If we want to make up for wealth inequality, then we need those New Deal programs and benefits to actually benefit everyone, especially black folks. I want to see those programs being implemented locally, where we have some type of Civilian Conservation Corps or Works Progress Administration, or those programs that really improved people’s lives. People were actually relocated from the Great Plains with cash payments to build and create lives in other places. But not everyone was given that option.
If we have these types of New Deal jobs programs, we can implement them locally, here in Oakland, to build a green economy and rethink how we engage with these systems.
As cities begin to run budget deficits due to COVID, we are starting to see more calls for cutting public services. How do you plan to fight the conventional austerity policies implemented in these situations that harm the most marginalized?
I plan on facilitating the movement energy on the ground. Like Bernie says: “It’s not me, but us.” We will need a massive pressure campaign from the outside to get anything done. That’s also true for these austerity measures being pushed from our neoliberal administration. We could cut from the police department that continues to overspend in our city. But the people need to be saying and demanding this through movement power from the outside. That is what makes change: it’s the people. And having sympathetic electeds is also important.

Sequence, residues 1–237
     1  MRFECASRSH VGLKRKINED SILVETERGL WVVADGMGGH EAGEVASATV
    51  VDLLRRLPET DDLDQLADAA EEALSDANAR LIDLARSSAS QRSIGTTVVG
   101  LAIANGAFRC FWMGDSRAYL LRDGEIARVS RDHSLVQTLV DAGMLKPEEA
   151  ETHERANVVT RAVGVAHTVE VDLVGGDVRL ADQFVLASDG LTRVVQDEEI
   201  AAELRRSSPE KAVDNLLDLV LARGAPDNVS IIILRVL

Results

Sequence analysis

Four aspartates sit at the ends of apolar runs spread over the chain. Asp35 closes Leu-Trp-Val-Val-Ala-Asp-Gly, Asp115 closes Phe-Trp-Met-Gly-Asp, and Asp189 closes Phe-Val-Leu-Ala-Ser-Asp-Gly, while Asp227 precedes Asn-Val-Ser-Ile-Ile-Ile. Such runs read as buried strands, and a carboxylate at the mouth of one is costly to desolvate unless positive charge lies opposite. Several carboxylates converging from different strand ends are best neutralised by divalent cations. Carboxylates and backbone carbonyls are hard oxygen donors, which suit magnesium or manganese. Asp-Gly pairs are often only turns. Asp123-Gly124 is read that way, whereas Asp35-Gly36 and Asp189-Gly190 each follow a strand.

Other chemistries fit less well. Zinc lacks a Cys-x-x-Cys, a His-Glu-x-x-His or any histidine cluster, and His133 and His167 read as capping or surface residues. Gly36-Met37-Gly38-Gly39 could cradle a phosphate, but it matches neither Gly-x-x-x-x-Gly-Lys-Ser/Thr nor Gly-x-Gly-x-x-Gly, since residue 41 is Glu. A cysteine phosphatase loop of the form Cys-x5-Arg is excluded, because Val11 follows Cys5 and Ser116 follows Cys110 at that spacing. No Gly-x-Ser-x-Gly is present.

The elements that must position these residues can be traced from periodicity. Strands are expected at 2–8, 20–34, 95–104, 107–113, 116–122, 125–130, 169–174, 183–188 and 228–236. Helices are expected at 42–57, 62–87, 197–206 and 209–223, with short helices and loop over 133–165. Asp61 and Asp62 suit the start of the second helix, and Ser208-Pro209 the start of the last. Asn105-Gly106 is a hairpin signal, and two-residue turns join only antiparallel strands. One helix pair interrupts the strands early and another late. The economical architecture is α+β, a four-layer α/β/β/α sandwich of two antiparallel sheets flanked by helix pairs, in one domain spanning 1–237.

I’m going to be doing that work from the inside. But without that external power, we aren’t going to get anywhere. These typical austerity measures like we saw in Greece and Spain and other nations don’t have to happen. No austerity! We don’t have to do that!
Another way to put this is to ask, who’s going to pay for the crisis?
The police are going to pay!
Throughout the country, more and more money is being poured into local elections by major corporations. Amazon’s attempt to unseat Kshama Sawant from the Seattle City Council in 2018 is one example. What do the recent attempts by Lyft and Uber to influence the Oakland election mean for the future of local elections?